Greatly expand your German research opportunities in just the time it takes to read the fourth edition of In Search of Your German Roots by Angus Baxter (Genealogical Publishing Co.). Whichever German-speaking area of Europe your family called home — from Liechtenstein to Lithuania — you’ll get pointers on researching through traditional correspondence and e-mail, using the Internet and tapping resources at libraries, archives and churches. Baxter also covers the 1850-to-1934 Hamburg passenger lists, microfilmed Nazi files at the US National Archives, and digitized International Tracing Service records pertaining to Holocaust victims.
Hot Off the Press: New books to heat up your family history search.
3. At a dead end and not sure how to get around it? The Desperate Genealogist’s Idea Book edited by Jeannette Balleza (DeadFred Genealogy Photo Archive from <www.desperategenealogist.com>) could have the answers. In this e-book, 10 professional genealogists share the methods they used to solve some of their tough-to-crack cases.
Pros’ Picks: Genealogy gurus share their reading recommendations.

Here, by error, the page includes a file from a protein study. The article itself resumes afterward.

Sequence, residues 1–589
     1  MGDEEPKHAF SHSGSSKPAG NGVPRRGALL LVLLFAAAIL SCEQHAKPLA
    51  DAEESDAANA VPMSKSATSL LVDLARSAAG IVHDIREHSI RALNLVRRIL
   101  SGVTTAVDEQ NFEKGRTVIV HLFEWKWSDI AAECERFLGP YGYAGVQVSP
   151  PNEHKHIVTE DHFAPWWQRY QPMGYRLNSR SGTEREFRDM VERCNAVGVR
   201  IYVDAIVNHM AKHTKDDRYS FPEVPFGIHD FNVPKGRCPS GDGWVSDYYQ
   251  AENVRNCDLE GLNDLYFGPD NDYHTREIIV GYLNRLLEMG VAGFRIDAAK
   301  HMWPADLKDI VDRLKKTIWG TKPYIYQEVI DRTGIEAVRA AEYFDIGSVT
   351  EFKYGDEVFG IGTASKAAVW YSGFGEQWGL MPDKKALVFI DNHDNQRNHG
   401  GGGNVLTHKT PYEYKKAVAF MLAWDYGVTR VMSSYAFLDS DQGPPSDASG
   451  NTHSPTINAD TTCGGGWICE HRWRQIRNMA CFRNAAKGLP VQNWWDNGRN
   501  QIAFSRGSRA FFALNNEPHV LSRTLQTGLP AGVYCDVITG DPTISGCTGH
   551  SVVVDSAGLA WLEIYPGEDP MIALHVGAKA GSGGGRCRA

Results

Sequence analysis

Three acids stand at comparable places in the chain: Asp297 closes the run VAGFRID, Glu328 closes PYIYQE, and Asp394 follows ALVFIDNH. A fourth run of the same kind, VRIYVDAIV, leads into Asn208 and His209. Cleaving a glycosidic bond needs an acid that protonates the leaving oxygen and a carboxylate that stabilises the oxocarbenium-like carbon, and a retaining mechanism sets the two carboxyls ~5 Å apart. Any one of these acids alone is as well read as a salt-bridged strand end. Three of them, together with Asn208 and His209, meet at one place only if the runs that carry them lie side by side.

The Genealogists Question and Answer Book by Marcia Yannizzee Melnyk (Betterway Books)
• Recommended by: Ann Eccles, editor of the Irish Genealogical Society International’s journal, The Septs, and a genealogist for five-plus years.
• Book summary: The 12 chapters describe specific records — vital, census, military, immigration, naturalization, cemetery and funeral home — in a question-and-answer format that allows the author to fully explain each topic. Plus, she gives valuable information on documentation, record reliability, and definitions of genealogical terms.
• Likes and dislikes: The index is great. When I have a question on a topic, I look there first to find the pages that address my question.
• Behind the scenes: I found this book while browsing the shelves of my public library. I was looking for a book suited to a beginning to intermediate researcher that would review genealogy basics yet provide direction for future research.
• Lasting impressions: There’s much for a beginner to learn and retain. This book presents basic information in a simple manner, yet provides good coverage of the topic, frequently with recommendations of additional resources.
• Best bonus: I usually return to genealogy guidebooks in my collection when I’m at a dead end and need to review my options. In checking this book, I sometimes find a piece of information that seems totally new to me. I might’ve heard or seen it in the past, but it “clicks” in the proper context of my research.
From the July 2008 Family Tree Magazine